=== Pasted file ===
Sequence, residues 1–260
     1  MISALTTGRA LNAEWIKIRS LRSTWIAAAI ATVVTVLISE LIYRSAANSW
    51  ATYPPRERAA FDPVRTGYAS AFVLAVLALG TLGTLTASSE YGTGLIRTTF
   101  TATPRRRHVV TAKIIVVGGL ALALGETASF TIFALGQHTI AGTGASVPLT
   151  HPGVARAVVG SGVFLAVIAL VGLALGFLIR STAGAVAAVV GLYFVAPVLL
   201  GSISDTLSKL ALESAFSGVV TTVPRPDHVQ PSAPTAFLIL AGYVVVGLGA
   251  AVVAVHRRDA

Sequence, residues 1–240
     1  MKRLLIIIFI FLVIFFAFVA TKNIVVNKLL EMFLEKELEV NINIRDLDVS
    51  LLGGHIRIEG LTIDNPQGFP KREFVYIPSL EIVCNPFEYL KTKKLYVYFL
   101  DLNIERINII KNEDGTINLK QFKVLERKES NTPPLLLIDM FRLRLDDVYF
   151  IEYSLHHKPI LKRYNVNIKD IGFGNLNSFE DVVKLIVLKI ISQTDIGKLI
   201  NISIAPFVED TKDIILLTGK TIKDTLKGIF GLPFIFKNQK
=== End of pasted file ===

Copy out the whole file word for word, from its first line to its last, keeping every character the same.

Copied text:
Sequence, residues 1–260
     1  MISALTTGRA LNAEWIKIRS LRSTWIAAAI ATVVTVLISE LIYRSAANSW
    51  ATYPPRERAA FDPVRTGYAS AFVLAVLALG TLGTLTASSE YGTGLIRTTF
   101  TATPRRRHVV TAKIIVVGGL ALALGETASF TIFALGQHTI AGTGASVPLT
   151  HPGVARAVVG SGVFLAVIAL VGLALGFLIR STAGAVAAVV GLYFVAPVLL
   201  GSISDTLSKL ALESAFSGVV TTVPRPDHVQ PSAPTAFLIL AGYVVVGLGA
   251  AVVAVHRRDA

Sequence, residues 1–240
     1  MKRLLIIIFI FLVIFFAFVA TKNIVVNKLL EMFLEKELEV NINIRDLDVS
    51  LLGGHIRIEG LTIDNPQGFP KREFVYIPSL EIVCNPFEYL KTKKLYVYFL
   101  DLNIERINII KNEDGTINLK QFKVLERKES NTPPLLLIDM FRLRLDDVYF
   151  IEYSLHHKPI LKRYNVNIKD IGFGNLNSFE DVVKLIVLKI ISQTDIGKLI
   201  NISIAPFVED TKDIILLTGK TIKDTLKGIF GLPFIFKNQK